Now experiments lasting from several hours to many days could be performed with minimal operator intervention—and data could be viewed and analyzed in real time as the experiment progressed.12

Hearkening back to the days when Howard Schachman would call Ed Pickels at Spinco to suggest refinements, the new XL-A featured an absorbance optical system and a scanning monochromator that enabled measurement of sample concentration at wavelengths from 190 - 800 nm.

Rayleigh interference optics were later added to the ProteomeLab XL-A, creating an instrument (the ProteomeLab XL-I) that could simultaneously record data with both types of optical systems.

As Schachman and Pickels had learned decades earlier, each optical system has certain advantages and disadvantages. Absorption optics are particularly useful for experiments involving nucleic acids, and for detection of any macromolecules containing strong chromophores.

In contrast, the interference optical system is superior for analyzing macromolecules lacking intense chromophores (e.g., polysaccharides), as well as samples that contain strongly absorbing buffer components. It’s also the optical system of choice for characterizing highly concentrated samples.

Regardless of which optical system would be used, the XL-A and XL-I ultracentrifuges represented an extraordinary advancement in the history of AUC.

In the 1960s, measuring molecular weights and characterizing association patterns for a simple protein that self-associates could take several weeks, even in the most well-equipped laboratory. Now such measurements could be done routinely in a few days.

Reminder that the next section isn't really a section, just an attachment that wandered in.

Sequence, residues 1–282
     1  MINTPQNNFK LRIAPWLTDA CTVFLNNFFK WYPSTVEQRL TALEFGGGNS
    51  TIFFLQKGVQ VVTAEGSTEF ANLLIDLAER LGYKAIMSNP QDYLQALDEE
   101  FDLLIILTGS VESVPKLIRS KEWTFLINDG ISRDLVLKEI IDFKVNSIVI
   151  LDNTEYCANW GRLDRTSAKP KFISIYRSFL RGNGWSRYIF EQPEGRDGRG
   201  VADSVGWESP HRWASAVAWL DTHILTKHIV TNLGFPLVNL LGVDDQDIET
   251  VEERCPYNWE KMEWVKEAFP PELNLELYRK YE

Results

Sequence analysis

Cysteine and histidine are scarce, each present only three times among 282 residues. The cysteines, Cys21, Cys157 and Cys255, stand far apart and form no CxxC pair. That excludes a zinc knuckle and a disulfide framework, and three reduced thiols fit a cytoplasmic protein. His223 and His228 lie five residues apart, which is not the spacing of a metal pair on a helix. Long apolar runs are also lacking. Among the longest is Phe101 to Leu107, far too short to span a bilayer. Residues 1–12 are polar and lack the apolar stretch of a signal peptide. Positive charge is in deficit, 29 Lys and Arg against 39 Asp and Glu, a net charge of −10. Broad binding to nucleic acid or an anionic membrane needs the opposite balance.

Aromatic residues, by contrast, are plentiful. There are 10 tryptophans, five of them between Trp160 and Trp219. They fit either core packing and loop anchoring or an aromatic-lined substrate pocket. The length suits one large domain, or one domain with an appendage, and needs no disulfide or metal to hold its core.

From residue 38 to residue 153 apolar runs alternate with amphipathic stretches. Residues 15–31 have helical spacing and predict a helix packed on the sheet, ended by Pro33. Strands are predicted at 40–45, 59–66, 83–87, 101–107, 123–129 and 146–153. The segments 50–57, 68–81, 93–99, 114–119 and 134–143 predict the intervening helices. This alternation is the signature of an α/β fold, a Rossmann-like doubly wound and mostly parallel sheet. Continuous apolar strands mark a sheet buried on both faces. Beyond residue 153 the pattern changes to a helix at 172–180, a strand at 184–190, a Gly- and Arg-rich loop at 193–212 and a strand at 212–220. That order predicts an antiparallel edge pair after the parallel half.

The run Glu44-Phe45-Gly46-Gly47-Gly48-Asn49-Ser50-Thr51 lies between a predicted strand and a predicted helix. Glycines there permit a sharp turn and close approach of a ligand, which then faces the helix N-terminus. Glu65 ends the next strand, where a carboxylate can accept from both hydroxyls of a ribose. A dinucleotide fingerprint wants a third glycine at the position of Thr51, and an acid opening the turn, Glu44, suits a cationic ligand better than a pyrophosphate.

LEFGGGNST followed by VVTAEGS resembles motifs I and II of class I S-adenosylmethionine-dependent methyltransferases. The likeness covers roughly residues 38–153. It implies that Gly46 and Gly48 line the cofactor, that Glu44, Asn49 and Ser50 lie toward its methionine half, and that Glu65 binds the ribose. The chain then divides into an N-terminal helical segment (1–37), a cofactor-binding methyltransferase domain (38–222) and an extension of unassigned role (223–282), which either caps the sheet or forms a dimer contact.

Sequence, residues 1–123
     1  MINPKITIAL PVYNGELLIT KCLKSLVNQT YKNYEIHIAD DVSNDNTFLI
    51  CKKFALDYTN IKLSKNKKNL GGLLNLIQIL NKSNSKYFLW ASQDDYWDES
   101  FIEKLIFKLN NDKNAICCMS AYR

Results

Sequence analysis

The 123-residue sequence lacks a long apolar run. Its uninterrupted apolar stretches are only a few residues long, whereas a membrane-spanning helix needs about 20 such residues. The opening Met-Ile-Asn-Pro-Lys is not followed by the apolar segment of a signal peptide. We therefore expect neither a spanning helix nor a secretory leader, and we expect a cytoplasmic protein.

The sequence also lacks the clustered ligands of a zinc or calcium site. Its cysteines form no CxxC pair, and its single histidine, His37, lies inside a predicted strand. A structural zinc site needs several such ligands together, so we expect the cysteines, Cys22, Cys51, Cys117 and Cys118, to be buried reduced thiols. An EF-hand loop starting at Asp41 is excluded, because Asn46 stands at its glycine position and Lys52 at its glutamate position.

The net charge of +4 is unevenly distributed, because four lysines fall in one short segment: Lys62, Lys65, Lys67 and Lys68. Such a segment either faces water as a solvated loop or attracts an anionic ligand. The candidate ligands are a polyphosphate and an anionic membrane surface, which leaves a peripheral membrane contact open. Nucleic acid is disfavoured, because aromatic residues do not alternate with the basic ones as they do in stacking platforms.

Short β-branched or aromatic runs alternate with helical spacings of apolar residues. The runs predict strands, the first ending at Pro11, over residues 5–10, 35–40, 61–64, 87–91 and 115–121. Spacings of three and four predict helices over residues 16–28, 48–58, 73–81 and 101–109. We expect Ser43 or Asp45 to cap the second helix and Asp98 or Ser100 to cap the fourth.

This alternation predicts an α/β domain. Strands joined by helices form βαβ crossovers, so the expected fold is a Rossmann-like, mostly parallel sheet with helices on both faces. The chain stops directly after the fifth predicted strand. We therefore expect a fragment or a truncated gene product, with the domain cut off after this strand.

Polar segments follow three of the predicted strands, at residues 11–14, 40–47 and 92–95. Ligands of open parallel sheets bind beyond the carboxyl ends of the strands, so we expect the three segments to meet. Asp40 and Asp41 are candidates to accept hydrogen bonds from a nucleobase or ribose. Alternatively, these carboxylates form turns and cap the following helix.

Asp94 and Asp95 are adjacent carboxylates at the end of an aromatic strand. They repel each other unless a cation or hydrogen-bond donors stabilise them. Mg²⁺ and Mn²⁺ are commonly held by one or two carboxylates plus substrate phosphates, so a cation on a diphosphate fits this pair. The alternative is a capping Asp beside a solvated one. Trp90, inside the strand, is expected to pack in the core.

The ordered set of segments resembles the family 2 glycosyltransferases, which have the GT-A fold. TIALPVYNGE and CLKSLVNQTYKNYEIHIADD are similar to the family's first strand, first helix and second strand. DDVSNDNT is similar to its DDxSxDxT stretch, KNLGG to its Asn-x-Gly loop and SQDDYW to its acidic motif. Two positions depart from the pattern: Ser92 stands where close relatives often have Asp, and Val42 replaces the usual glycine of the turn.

So instead of being considered an out-of-date method, AUC in the 1990s was becoming the method of choice for elucidating a growing array of properties of macromolecules in solution, including:

  • Size
  • Size distribution
  • Purity
  • Gross conformation
  • Thermodynamic nonideality (including virial and activity coefficients)
  • Equilibrium constants for self-association
  • Ligand binding and binding to other macromolecules
  • Stability of macromolecular complexes
  • Mechanisms of self-assembly
  • Characterization of the structure of gels and macromolecular network structures

The technology conceived by Théodor Svedberg in the ’20s, refined by Beams and Pickels in the ’40s and invested in by visionary Arnold Beckman in the ’50s was once again making a serious contribution to life sciences research worldwide.

Well, mostly serious.

It was also about this time that long-time AUC paramour Howard Schachman, by then a respected research biochemist and professor of the graduate school at the University of California at Berkeley, came up with an interesting way to demonstrate what he was learning from AUC about the stability of dimers and trimers.

According to Schachman, who was known for his impish sense of humor, his “monkey models” became a popular part of the literature at the time, and were prominently featured in his lecture for the Harvey Society at Rockefeller University. 14 

It wasn’t one of Schachman’s monkeys, however, that would drive the next substantial movement forward for AUC.
It was a Lamm.

9 Harding SE. Analytical Ultracentrifugation and the genetic engineering of macromolecules. Biotechnol Genet Eng Rev 1993;11:317-356.
12Cole JL, Hansen JC. Analytical Ultracentrifugation as a contemporary biomolecular research tool. Journ Biomolec Tech 1999;10:163–176.
14 Howard Schachman, “University of California Professor of Molecular Biology: Discussions of His Research Over His Scientific Career From the 1940s Until 2010,” conducted by Sondra Schlesinger between 2007 and 2010, Regional Oral History Office, The Bancroft Library, University of California, Berkeley, 2010.
16 Laue T. Analytical ultracentrifugation: a powerful ‘new’ technology in drug discovery. Drug Discovery Today: Technologies 2004;1(3):309-315.